8 BETHLEHEM.

Separated lives.

A must visit but rather a let down. Interesting for a close up view of the Israeli partition fence/wall and in our case the tourist bus being stoned by local Palestinian kids. Fair dos as some had been shot the week before by Israeli soldiers. The famous Christmas tree was in the square being decorated by a firm from Liverpool!! The Church of Nativity has a star marking the supposed site of Christ’s birth. This is all in the Palestinian Controlled Sector.

It all started here.

It all started here.

9. TEL AVIV MUSEUM OF ART.

A modern exciting gallery, by architect Preston Scott Cohen, houses a large collection of Impressionist and post-impressionists. Also highlighted are 20th century avant- garde pieces and lots of contemporary exhibitions. I was lucky to catch a roomful of Andy Warhol creations. You name it they’ve got it here, mainly funded by worldwide rich Jewish corporations and families. One area of beautifully lit, geometric floor levels has a stunning 27m hanging installation, Lusitana, by Joana Vasconcelos. A colorful textile and artifact giant organic piece  interweaving onto all floors. Brilliant.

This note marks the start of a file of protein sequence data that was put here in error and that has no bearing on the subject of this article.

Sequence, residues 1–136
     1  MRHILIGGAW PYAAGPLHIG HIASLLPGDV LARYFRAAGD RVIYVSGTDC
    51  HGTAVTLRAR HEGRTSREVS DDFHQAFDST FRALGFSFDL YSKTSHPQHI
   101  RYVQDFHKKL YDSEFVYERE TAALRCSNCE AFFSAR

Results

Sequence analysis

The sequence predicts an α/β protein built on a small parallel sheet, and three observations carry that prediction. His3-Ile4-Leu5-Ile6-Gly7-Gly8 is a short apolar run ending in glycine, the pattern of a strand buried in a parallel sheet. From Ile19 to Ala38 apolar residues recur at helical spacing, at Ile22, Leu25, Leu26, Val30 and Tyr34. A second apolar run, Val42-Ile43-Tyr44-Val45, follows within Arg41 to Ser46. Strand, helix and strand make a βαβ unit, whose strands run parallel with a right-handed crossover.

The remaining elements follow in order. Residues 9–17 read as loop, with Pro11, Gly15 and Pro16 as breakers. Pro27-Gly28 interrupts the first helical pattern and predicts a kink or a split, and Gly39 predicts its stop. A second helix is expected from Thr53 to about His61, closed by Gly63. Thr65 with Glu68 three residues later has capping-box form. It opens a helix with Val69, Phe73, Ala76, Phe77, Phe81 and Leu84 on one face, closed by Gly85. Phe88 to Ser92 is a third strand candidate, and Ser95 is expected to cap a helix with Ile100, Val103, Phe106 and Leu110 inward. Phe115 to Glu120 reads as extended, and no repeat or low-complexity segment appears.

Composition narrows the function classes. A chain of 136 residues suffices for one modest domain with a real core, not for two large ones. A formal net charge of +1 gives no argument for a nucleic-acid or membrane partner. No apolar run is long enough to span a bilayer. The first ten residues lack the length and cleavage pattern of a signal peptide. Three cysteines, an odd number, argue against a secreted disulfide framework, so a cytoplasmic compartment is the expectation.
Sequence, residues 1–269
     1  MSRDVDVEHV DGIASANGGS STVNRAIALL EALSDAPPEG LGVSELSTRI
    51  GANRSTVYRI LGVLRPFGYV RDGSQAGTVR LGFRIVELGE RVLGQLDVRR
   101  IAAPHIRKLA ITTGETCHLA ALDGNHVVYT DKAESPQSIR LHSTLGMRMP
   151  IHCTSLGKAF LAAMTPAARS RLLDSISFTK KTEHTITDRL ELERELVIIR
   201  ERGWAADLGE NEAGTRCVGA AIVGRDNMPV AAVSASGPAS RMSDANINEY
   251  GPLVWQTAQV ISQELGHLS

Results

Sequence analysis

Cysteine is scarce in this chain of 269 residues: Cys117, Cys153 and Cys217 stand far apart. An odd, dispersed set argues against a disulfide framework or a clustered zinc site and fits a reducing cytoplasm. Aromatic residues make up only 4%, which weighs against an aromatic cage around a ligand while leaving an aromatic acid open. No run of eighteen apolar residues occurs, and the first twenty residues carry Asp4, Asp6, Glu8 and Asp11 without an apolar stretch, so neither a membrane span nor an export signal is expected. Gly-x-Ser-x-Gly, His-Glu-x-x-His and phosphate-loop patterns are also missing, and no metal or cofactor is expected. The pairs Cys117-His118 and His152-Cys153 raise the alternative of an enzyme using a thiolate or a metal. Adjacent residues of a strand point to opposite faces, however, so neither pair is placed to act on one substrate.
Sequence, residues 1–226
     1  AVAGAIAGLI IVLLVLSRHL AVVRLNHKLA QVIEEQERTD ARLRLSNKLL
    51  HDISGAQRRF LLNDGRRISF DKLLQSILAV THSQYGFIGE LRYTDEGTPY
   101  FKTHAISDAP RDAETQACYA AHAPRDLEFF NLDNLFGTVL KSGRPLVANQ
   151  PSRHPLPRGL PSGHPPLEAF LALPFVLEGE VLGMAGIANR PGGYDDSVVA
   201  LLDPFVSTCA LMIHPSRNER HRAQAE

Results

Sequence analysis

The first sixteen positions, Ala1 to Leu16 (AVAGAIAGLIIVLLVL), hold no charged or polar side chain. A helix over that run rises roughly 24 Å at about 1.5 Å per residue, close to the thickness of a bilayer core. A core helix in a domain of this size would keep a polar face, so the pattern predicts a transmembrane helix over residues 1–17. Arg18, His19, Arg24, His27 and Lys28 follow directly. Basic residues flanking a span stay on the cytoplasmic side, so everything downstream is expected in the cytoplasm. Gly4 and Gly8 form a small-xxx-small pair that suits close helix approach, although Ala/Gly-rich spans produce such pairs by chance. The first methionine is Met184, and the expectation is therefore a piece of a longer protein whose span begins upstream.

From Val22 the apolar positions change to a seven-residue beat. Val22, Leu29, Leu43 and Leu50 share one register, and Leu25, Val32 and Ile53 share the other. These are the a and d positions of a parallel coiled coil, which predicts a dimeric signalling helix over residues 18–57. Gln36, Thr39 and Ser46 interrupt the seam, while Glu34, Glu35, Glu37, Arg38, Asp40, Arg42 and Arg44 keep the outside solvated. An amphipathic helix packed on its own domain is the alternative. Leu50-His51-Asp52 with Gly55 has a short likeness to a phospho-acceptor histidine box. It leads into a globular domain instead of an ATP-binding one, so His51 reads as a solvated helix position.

Lusitana.

Lusitana.

10. TEL AVIV BEACHES.

Over a kilometer stretch of golden sands, protected by breakwaters giving clean safe bathing. Extremely popular with locals and tourists. The sea was warm enough in December with air temperatures in the high 20s. Beach volley ball and racquet games are added entertainment. Book a hotel on the beach front to enjoy the atmosphere and then watch the beautiful sunsets from your favourite terrace bar.